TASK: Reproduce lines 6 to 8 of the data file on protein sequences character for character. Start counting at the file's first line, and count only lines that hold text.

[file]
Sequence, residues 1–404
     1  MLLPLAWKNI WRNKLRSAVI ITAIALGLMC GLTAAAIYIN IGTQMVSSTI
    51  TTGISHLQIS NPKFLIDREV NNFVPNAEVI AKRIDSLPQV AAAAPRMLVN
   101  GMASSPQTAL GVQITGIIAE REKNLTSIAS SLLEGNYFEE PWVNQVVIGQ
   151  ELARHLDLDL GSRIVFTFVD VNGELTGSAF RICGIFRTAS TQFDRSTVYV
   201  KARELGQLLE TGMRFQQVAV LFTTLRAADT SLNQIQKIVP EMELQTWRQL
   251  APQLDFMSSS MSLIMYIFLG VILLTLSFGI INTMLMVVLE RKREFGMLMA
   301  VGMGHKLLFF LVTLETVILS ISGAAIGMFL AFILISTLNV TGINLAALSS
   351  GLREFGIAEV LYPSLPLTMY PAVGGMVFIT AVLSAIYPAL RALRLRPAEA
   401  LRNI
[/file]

   201  KARELGQLLE TGMRFQQVAV LFTTLRAADT SLNQIQKIVP EMELQTWRQL
   251  APQLDFMSSS MSLIMYIFLG VILLTLSFGI INTMLMVVLE RKREFGMLMA
   301  VGMGHKLLFF LVTLETVILS ISGAAIGMFL AFILISTLNV TGINLAALSS